Division of Labor

Study asks how men really feel about doing dishes


In countries where men and women share housework more equally, married men are more likely to be unsatisfied with their share of household duties as they report taking on a greater share of household chores, according to a new study by researchers at Emory and Umeå University in Sweden.

In other words, men are more likely to feel it’s unfair when they tackle a greater share of household chores in countries where a more egalitarian division of labor is considered the norm.

It may seem odd that men in countries where both men and women are expected to tackle chores would feel more dissatisfaction and a sense of unfairness.

“We presume that living in a more egalitarian society highlights the importance of housework in general, making men more conscious of it and thereby sparking a more negative response the more of it they do,” says Sabino Kornrich, assistant professor of sociology at Emory and lead researcher in the study (Maureen Eger, a sociologist at Umeå University, was the coauthor). “That suggests there’s a norm when men and women live in egalitarian countries that housework is an important, shared responsibility.”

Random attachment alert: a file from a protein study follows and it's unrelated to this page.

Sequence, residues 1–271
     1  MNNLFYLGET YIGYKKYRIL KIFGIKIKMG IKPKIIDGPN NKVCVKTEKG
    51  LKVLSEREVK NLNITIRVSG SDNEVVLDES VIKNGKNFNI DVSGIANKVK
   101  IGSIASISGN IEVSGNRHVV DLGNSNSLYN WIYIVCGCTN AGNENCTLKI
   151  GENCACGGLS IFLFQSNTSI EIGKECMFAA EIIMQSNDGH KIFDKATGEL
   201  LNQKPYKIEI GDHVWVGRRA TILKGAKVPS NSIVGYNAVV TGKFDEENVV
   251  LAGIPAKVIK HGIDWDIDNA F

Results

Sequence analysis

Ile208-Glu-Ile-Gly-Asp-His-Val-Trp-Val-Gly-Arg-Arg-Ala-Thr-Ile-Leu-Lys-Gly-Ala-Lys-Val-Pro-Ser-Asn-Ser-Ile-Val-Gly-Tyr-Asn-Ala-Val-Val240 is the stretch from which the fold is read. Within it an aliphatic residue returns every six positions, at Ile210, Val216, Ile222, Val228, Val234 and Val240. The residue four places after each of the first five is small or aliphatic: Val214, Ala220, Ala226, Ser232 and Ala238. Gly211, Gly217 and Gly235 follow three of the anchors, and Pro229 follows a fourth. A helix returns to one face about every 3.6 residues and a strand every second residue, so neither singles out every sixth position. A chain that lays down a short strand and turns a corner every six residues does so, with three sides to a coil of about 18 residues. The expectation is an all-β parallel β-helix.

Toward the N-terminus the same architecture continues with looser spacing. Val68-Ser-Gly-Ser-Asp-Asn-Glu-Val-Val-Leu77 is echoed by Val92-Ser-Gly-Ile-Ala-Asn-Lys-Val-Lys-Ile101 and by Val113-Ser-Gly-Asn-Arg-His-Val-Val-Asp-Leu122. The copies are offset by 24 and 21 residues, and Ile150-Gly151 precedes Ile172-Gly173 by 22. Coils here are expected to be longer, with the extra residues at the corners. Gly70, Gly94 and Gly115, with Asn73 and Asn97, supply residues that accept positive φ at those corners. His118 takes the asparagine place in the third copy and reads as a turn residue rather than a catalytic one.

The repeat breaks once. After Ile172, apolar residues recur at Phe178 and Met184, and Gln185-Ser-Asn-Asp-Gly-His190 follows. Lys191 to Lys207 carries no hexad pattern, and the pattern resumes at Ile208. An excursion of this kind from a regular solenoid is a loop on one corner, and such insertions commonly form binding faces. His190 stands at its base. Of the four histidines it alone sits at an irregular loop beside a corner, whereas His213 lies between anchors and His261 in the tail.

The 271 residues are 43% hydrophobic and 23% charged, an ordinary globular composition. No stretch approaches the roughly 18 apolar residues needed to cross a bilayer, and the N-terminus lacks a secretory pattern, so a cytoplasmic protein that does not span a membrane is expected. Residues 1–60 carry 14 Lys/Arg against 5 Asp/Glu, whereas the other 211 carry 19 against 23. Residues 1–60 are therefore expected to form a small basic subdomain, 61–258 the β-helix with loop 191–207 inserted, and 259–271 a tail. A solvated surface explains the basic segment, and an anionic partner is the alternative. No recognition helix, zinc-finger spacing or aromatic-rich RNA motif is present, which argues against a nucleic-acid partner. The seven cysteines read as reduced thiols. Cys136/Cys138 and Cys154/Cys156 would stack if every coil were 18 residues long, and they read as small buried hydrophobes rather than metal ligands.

The study, published in the journal Social Politics, included survey responses from roughly fourteen thousand men and women from thirty countries; all were under age sixty-five and married or living as married. Across all countries, women reported doing on average 75 percent of the housework. Men reported doing on average 31 percent of the housework. These numbers don’t equal 100 percent because they are based on self-reports of respondents’ own behavior as well as that of their spouses.

So where are the men who report doing at least 50 percent of the housework? Roughly 30 to 38 percent of men from Poland, the US, Australia, Denmark, Mexico, the United Kingdom, Latvia, and Sweden reported handling at least 50 percent. Roughly 15 percent or fewer of men in Portugal, the Czech Republic, Chile, and Japan (Japan ranked dead last with only about 6 percent) said they did at least 50 percent of housework.

Men from more gender-egalitarian countries, such as the US, Sweden, and Australia, were the most likely to believe they were doing an “unfair” amount of housework when they perform a large share of the household duties. Interestingly, men who do more household work in countries where men, on average, do less, such as Japan, were less likely to feel that their chore burden was unfair.

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